Acupuncture: The Key and Future of High Sports Performance
BY NEIL MAKI, MS, DAOM, LAC, AcupunctureToday
Acupuncture is commonly utilized in the intervention of pain and has also been gaining popularity in sports medicine. Athletes are treated with acupuncture for the relief of soft tissue injuries such as sprains, muscle strains, and tendonitis.
The recovery time will vary, depending on each individual and the severity of the injury but generally, we always see an improvement in the time it takes to heal. Historically, we have read about the ancient martial arts masters and how they used to treat their students with an injury. In modern sports, we see indications of more teams and individuals incorporating acupuncture into their programs.
We are also able to take a look at acupuncture helping athletes with recovery from fatigue, delayed onset muscle soreness (DOMS) and contracture. These are all common phenomena experienced by athletes participating in both high intensity training and competition. The circulatory effects and stress relief from acupuncture can readily help athletes with recovery and a quick return to competition.
There is another key element that I have been focusing on as both a practitioner and a DAOM researcher and that is the utilization of acupuncture for the enhancement of athletic performance – going beyond what was previously the athlete’s physical capabilities to reach a new and higher level of athletic performance. Careful strategy must be implemented during this transition to allow the athlete to progress appropriately to this potential higher level of proficiency. A professional assessment of their movement is an important consideration at this time and would yield many beneficial results as flaws in their movements would be revealed and then corrected before implementing acupuncture for higher intensity training and competition. Simply stated, the muscles and joints must work together.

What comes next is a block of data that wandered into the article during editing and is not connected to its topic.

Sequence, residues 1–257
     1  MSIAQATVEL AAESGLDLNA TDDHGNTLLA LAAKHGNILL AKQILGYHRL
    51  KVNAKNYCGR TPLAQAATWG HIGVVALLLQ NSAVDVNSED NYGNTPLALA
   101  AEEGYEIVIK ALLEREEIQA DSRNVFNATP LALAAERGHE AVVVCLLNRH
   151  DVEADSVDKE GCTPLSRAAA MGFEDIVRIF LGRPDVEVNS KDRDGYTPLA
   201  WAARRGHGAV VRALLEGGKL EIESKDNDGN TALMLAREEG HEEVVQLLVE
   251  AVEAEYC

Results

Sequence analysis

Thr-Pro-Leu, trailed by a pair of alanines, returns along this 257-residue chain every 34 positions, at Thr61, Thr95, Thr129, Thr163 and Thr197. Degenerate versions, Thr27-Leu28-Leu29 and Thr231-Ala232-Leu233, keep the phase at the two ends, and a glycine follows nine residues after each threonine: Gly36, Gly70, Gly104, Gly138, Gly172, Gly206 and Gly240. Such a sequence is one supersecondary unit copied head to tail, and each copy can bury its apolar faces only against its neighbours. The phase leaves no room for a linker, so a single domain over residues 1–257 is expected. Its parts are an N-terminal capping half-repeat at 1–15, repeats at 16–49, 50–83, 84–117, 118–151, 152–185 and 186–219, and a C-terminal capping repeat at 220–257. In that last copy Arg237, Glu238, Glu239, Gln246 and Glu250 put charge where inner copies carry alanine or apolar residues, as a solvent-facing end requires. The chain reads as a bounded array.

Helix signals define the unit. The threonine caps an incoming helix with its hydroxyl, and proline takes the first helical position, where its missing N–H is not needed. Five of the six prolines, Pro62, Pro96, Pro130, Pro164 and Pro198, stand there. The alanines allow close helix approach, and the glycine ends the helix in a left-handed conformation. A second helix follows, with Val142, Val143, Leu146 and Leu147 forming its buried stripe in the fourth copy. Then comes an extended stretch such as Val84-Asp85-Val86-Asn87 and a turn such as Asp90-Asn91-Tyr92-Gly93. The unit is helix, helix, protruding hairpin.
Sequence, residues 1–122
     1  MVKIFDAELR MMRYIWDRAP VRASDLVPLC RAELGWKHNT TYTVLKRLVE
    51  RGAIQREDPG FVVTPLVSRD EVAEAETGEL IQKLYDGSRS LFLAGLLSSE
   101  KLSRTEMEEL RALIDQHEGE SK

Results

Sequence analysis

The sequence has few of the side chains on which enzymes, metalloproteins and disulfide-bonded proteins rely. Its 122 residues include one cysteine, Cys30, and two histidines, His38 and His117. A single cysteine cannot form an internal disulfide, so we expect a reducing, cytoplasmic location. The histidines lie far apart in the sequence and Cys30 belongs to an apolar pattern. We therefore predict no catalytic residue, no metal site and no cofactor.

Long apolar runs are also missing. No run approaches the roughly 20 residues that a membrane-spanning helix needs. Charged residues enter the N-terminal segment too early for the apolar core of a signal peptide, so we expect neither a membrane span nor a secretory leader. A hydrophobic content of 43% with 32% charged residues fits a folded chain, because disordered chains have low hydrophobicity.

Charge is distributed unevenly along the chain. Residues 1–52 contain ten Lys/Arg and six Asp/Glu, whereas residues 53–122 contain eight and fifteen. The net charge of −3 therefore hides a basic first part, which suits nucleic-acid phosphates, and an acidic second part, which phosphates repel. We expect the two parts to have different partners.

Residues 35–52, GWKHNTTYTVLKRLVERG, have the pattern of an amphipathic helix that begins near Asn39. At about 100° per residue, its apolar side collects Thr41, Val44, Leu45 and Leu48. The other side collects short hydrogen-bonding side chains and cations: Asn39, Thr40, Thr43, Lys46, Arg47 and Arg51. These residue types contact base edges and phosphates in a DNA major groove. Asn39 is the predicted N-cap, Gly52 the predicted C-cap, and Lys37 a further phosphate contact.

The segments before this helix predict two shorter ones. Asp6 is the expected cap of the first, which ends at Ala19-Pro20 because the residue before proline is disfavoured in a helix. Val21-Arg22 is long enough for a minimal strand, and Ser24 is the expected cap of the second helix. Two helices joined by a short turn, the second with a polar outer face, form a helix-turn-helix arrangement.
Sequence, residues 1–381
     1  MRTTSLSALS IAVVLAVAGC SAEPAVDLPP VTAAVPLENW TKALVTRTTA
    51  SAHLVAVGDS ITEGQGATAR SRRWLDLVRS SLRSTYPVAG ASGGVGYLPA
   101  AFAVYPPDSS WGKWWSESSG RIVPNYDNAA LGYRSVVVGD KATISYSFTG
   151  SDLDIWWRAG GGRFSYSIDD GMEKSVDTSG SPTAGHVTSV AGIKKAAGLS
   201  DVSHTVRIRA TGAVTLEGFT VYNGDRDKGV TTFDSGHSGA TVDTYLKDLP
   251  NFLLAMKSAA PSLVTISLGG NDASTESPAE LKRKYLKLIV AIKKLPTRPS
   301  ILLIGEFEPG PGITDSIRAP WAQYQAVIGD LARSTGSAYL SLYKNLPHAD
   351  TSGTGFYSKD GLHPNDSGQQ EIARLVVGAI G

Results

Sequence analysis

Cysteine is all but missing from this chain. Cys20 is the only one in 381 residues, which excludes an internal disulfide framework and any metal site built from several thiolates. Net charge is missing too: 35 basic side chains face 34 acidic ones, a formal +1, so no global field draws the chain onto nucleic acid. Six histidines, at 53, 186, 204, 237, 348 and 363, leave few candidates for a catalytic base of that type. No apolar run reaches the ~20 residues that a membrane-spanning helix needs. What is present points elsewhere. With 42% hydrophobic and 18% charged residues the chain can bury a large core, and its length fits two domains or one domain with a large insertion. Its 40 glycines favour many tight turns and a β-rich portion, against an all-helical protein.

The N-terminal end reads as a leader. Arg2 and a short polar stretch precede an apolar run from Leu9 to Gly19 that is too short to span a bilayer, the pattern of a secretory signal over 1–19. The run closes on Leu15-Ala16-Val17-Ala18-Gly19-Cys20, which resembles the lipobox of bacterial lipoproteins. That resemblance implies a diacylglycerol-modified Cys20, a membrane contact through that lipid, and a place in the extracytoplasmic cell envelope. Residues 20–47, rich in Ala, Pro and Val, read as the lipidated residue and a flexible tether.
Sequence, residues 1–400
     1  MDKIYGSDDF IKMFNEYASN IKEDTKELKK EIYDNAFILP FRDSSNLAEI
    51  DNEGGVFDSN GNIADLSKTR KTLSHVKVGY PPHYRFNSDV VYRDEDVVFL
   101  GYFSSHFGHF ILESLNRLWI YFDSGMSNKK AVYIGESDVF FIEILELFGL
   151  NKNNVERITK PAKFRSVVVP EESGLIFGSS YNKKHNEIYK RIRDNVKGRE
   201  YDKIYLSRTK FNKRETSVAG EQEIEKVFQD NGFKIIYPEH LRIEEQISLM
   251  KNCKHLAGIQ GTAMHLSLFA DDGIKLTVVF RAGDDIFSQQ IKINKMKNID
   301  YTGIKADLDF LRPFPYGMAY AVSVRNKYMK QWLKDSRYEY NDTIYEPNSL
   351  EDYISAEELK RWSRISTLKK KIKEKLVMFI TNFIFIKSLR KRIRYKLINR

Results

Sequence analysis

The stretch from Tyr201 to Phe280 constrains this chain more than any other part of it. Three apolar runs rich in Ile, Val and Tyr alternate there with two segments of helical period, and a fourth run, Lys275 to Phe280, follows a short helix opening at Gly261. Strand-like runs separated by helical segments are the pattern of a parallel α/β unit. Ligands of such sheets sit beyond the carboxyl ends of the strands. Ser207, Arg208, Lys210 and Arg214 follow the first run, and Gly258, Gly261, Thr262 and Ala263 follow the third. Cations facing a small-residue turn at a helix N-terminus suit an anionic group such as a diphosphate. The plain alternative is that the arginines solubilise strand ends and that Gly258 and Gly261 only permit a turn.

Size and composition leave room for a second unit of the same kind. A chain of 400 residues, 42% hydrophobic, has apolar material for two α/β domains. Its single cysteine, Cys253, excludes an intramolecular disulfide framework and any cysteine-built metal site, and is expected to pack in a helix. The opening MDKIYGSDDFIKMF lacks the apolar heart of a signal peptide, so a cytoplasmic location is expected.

Additionally, the athletes will also have to avoid over training. We are looking to avoid compensatory patterns (improper form) that would lend to the possibly of an injury. Athletes are great at compensating!
The athlete must have economy of movement, regardless of the sport. As an exercise physiologist as well as an L.Ac., it is crucial for me to not only treat with acupuncture, but also investigate the biomechanics of each athlete during their training, which will help them gain a competitive advantage in their sport and achieve higher levels of performance. Appropriate movement patterns are always in season. The first goal is to increase the performance ability in their sport without the higher incidence of injuries. The ultimate goal is to help create a champion.
What has to be considered at this point is the athlete’s training activity, and is it appropriate for the sport in which they compete? Matching these things together is as challenging as selecting the acupuncture protocol. We also, need to take into consideration that acupuncture has a profound affect on the circulatory and neurological systems, as well as a positive downstream effect with needle grasp during the treatment. What we are considering, is whether we are aiming to help the athlete with strength, power, endurance, acceleration, etc.